Skip to main content

2022, No. 11
Posted 2022-05-12

Supply Chain Disruptions and Inflation During COVID-19

by Ana Maria Santacreu and Jesse LaBelle

Producer price index (PPI) inflation—the change in input costs to producers—increased substantially during the COVID-19 pandemic, and this increase was heterogeneous across industries. The manufacturing sector was, on average, more severely hit than services. There was also large heterogeneity within the manufacturing sector itself: Coke and petroleum, basic metals, and wood products have seen the highest price increases, whereas computer equipment and other transport equipment experienced the lowest price increases (Figure 1). What factors contributed to the rapid increase in PPI inflation and the large industry heterogeneity? Authors Santacreu and LaBelle explore this question in detail in their 2022 article for the Federal Reserve Bank of St. Louis Review.1 This essay summarizes their main findings and examines the challenges ahead for supply chains and PPI inflation.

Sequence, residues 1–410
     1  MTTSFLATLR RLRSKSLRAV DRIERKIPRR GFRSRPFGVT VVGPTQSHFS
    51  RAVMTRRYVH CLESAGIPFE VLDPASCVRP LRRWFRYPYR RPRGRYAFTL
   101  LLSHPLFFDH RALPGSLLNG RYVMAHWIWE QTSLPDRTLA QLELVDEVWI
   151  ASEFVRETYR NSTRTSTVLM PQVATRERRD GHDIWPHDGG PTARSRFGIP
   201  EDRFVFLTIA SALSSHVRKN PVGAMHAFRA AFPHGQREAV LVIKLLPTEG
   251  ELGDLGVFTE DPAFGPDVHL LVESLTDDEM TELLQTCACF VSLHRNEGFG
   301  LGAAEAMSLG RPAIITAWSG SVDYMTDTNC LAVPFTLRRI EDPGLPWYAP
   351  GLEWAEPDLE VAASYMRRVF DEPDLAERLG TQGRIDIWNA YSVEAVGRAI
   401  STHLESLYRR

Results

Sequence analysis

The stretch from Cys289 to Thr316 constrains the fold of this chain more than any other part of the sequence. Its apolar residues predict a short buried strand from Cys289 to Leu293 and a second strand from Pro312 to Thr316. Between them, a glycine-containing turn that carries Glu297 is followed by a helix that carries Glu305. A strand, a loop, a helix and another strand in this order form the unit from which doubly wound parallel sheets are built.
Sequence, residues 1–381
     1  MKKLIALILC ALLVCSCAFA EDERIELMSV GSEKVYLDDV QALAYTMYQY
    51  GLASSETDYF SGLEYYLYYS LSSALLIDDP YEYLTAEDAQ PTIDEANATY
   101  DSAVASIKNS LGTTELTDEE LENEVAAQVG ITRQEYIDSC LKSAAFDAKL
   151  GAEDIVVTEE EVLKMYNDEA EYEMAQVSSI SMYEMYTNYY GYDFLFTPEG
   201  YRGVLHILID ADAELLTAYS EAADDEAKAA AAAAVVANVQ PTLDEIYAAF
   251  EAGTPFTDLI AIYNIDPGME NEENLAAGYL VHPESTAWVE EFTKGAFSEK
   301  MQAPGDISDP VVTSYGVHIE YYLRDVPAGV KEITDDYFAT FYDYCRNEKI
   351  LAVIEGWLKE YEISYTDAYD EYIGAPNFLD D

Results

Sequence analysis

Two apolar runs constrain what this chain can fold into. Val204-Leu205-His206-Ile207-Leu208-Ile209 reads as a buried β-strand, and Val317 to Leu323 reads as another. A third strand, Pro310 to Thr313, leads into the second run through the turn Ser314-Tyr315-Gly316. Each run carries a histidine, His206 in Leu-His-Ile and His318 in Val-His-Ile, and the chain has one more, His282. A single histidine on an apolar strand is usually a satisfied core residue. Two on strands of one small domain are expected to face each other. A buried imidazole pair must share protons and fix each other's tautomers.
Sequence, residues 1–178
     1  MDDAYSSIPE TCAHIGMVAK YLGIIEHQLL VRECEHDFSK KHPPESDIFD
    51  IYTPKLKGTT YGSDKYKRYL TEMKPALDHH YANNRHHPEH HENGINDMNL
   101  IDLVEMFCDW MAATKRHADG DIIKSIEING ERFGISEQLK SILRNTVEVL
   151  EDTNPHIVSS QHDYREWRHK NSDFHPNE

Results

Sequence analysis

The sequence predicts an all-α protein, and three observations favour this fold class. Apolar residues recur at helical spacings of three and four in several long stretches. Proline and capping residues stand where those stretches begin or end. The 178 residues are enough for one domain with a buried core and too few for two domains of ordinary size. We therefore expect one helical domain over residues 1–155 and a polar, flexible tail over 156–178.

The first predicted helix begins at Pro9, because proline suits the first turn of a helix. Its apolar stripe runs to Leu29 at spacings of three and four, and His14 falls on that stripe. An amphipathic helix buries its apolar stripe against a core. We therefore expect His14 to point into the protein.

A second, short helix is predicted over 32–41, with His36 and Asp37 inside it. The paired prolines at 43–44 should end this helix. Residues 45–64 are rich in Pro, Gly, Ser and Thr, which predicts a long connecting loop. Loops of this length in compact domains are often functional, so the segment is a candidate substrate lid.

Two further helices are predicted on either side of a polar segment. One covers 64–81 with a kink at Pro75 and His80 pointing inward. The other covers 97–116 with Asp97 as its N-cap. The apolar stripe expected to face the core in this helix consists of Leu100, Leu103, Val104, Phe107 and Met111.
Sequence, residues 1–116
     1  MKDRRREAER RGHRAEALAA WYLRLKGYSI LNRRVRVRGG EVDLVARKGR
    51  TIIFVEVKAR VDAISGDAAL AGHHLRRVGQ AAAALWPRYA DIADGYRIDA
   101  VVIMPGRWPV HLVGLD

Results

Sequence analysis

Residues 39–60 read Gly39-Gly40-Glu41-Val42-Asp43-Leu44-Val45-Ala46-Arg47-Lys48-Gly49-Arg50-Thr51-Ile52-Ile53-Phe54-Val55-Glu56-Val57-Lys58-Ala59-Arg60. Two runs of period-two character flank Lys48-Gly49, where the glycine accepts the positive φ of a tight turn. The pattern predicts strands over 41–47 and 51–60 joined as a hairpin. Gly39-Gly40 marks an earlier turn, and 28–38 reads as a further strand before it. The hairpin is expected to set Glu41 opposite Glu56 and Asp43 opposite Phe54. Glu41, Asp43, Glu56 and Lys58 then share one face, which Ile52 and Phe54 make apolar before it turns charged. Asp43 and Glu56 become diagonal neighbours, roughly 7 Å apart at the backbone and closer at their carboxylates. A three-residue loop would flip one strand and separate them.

To What Extent Did Supply Chain Disruptions Contribute to Inflation? 

The COVID-19 pandemic was characterized by a shift in the composition of consumption—away from services and toward durable goods. This is an important shift because the production of durables goods is organized into complex global value chains: Firms source necessary intermediate goods along different stages of production from around the world based on the comparative advantage of the source country. During COVID-19, the global nature of the crisis and subsequent government policies implemented worldwide to contain the spread of the virus (e.g., labor shortages, shipping crises, and lockdowns) made it difficult for firms to scale up production to meet the rapid increase in demand, leading to bottlenecks, long delivery times, and upward pressure on prices.